Rebecca Sigala, the front-seat passenger in the car, testified that she, defendant, and the car's driver, Jessie Hogan, were returning from an evening out, and Hogan was dropping defendant off at his home. According to Sigala, Hogan had pulled over to the curb in front of defendant's home, defendant said good-bye, and exited the vehicle. Sigala testified that defendant had not gone more than a few feet when a police car pulled up behind them, the officer exited the car, and then said to defendant, "Hey, come here." The witness stated that defendant appeared surprised that the officer was calling to him, immediately walked over to the officer, and engaged the officer in a conversation, at which time the police dog began to bark. Sigala testified that when the police car pulled up behind them, neither its emergency lights nor its spotlight were activated, although the officer did turn on the spotlight immediately before he called to defendant, and the car's emergency lights were activated when defendant was placed in handcuffs. According to Sigala, when backup officers arrived at the scene, she commented to the officers that she did not know why Officer Gulley had pulled up behind them. Sigala testified that an unidentified officer replied that Officer Gulley had radioed that he recognized defendant when the vehicle first passed him and that Gulley intended to pull the car over to investigate.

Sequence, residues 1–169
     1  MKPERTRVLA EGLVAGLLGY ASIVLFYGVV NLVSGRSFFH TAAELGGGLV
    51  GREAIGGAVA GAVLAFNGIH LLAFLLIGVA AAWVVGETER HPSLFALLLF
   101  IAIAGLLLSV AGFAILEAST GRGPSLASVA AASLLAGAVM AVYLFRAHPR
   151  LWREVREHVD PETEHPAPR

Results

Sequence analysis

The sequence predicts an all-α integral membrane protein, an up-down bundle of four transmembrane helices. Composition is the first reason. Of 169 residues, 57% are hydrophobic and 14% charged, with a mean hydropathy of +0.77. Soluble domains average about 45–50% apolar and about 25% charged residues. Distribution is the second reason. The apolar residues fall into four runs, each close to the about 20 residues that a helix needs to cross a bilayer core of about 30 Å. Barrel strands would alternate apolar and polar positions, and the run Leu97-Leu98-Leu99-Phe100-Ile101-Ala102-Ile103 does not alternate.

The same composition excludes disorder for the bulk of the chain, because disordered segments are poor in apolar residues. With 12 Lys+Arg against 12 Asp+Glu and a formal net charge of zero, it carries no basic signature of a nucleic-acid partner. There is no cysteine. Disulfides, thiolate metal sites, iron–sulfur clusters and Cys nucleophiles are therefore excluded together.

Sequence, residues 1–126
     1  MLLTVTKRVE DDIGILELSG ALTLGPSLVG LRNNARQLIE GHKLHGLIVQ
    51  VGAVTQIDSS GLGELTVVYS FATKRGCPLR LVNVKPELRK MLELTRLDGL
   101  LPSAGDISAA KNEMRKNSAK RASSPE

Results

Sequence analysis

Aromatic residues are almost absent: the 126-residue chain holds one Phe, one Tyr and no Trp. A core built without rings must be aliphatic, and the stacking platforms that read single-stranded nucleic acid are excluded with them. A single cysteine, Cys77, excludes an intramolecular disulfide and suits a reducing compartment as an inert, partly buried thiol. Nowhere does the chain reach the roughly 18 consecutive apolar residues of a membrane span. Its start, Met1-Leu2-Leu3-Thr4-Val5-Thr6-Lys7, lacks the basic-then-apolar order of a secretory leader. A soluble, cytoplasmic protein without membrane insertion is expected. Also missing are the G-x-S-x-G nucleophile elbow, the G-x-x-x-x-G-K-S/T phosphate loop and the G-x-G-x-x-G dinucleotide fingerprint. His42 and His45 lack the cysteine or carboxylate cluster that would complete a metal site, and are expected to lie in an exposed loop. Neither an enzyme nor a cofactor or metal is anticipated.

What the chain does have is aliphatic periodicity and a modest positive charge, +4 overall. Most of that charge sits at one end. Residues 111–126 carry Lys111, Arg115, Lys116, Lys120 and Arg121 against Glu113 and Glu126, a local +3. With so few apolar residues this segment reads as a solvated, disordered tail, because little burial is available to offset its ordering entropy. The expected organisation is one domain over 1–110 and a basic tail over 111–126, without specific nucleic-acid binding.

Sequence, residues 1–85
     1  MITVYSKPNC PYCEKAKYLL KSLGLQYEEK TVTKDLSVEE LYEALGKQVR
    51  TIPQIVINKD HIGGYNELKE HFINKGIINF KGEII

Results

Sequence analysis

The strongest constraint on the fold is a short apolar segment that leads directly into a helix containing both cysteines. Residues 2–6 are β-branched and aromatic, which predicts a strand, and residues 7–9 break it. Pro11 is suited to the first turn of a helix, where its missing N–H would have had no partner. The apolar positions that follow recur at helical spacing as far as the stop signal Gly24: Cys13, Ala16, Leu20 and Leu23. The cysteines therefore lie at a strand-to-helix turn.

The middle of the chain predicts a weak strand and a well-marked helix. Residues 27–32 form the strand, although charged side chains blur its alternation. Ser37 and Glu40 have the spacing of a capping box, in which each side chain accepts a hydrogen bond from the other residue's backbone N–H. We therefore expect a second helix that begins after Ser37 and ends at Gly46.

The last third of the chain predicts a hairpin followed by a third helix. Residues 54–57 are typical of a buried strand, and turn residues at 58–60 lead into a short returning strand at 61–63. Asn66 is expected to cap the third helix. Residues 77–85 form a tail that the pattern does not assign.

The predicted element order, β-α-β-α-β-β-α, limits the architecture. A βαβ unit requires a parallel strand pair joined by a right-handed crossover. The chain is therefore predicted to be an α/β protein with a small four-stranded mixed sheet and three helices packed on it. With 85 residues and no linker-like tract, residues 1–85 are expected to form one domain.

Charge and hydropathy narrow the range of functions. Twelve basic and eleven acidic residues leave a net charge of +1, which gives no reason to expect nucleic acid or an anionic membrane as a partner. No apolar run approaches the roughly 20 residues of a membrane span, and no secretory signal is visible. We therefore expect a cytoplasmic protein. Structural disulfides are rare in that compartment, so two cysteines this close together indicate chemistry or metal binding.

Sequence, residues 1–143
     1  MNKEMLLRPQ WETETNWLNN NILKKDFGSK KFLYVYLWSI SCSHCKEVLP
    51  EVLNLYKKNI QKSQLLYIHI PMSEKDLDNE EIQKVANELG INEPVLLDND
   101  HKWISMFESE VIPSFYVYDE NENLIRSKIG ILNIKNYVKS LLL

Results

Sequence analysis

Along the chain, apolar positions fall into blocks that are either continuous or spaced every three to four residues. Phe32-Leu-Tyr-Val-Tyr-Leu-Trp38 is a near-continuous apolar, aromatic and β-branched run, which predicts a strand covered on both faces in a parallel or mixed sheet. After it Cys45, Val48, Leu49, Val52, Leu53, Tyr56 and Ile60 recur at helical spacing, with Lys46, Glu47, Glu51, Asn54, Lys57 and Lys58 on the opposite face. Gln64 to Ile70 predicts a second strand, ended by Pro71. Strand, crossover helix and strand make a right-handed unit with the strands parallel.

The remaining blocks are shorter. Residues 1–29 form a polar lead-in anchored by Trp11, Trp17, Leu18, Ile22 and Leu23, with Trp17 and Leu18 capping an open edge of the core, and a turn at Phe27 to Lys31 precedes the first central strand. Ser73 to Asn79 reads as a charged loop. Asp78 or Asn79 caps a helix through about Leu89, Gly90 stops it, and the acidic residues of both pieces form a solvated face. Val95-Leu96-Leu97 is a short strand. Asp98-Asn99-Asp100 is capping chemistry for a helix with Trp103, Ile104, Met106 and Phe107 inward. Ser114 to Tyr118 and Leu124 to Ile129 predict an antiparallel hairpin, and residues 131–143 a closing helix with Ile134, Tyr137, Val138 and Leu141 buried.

Jessie Hogan testified that she had spent the evening with defendant and Sigala, and was driving defendant home. Hogan testified that on the way to defendant's residence, she noticed a police car parked on a side street. According to Hogan, this caused her to look down at her speedometer and she saw that she was traveling the speed limit. Hogan then stopped the car by the curb, defendant said good-bye, and he exited the vehicle. Hogan testified that almost immediately after defendant left the car, another car pulled up behind them. Hogan recognized the car as a police vehicle because she saw a light bar across the top, although the emergency lights were not activated at that time. According to Hogan, the officer activated the spotlight, ordered defendant to "come here," and defendant immediately went over to the officer to speak with him. Because the emergency lights of the police vehicle were not activated, Hogan believed that the officer was concerned only with defendant and that it was not a traffic stop. However, as Hogan started to pull away, the officer whistled her to stop, and she was subsequently issued a ticket for a speeding violation. According to Hogan, the police car's emergency lights were activated only after defendant was taken into custody. On cross-examination, however, Hogan stated that she was aware that a police car was following them before she stopped the vehicle. Hogan additionally testified on cross-examination that defendant was also aware that a police car was behind them before they stopped, as defendant looked back through the vehicle's rear window. At the Conclusion of the hearing, the trial court determined that Officer Gulley's testimony was more credible than that of Sigala and Hogan, and denied defendant's motion to suppress. Based upon the version of events described by Officer Gulley, the trial court Judge found that "if an officer effectuates a legal traffic stop for a violation of the law, [then] he has the right to insist the occupants in the car remain in the car, and that's not what the defendant did." The trial court Judge further held that, under the circumstances of the traffic stop, it was not unconstitutional for Officer Gulley to inquire of defendant whether he was carrying any weapons, and when defendant answered affirmatively, it was not unconstitutional for Officer Gulley to perform the pat-down search which revealed the weapon.